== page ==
But I'm trying to learn that to refuse to be vulnerable, to refuse to confess my struggles to those who are there to support me is as much of a wrong as to refuse to be compassionate when they are vulnerable and confess their struggles to me. Not an easy lesson to put into practice. But perhaps living that lesson will do more good than prayers for my cousin's sister-in-law's babysitter's car trouble.
Nov 18, 2005 at 02:29PM | Unregistered CommenterJennifer
I'm so glad you said this. I really zone out when people start talking about their sister's friend's cousin's daughter's teacher who has a spinter.
Nov 18, 2005 at 02:30PM | Unregistered Commenterjessi
I think all of this is very good. I think it's a misguided attempt to seem "spiritual" by:

1. Making it seem like you never have any struggles.

2. Avoiding a perception of selfishness. All these other people are sharing about illnesses and requests on behalf of other people, and here you are saying, "I just haven't felt like reading my Bible over the last weeks." How can you think about yourself when all these other people have *legitimate* problems.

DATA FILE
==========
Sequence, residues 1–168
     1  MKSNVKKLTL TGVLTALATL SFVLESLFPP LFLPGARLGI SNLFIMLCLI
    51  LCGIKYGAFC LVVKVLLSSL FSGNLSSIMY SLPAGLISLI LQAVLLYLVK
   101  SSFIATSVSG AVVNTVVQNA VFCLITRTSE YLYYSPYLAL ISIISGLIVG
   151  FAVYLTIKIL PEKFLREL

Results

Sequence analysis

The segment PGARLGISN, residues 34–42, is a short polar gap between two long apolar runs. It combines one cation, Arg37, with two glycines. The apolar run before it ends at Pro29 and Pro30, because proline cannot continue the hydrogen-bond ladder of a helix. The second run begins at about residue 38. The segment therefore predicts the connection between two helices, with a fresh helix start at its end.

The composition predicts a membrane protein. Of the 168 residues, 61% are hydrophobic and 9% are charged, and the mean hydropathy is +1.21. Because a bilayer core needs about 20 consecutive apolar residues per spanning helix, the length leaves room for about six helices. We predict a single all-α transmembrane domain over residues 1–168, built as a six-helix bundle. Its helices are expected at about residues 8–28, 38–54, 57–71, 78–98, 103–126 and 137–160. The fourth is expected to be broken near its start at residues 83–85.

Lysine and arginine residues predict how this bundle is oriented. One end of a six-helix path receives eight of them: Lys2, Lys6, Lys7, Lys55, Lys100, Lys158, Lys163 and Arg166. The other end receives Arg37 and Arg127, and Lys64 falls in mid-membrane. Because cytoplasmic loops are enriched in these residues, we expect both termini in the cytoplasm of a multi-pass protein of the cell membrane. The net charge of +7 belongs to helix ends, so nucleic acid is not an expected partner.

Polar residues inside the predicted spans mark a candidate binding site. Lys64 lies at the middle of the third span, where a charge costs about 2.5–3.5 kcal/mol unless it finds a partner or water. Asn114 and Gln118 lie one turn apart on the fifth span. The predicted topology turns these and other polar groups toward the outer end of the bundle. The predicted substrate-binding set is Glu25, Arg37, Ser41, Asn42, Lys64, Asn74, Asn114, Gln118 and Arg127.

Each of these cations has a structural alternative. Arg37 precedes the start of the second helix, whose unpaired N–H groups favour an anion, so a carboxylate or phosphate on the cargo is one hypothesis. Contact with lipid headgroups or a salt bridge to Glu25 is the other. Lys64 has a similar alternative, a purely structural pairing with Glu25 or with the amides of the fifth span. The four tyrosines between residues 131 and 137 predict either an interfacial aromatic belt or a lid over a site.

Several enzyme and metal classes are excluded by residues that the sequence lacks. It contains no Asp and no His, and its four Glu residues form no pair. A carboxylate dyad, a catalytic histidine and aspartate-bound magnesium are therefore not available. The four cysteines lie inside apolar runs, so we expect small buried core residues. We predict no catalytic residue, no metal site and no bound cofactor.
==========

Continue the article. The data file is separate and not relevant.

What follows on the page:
3. Fearing that you are the only one.

I think these three are obviously related with a good bit of overlap, but somewhat different. And I think people who knowingly engage in #1 often contribute--inadvertently or vertently (is that a word?)--to the self-doubt of people who are engaging in #2 and #3 out of legitmate but ultimately groundless fears.
Nov 18, 2005 at 03:44PM | Unregistered Commentermeegs
I actually put more than "dirty Heathen" I did a second post... but it didn't make it. I agree with meegs... I think often it is a way to seem spiritual.. maybe even that you are SO concerned with others that you would never even think of praying for yourself.
Nov 18, 2005 at 04:54PM | Unregistered Commenterpaul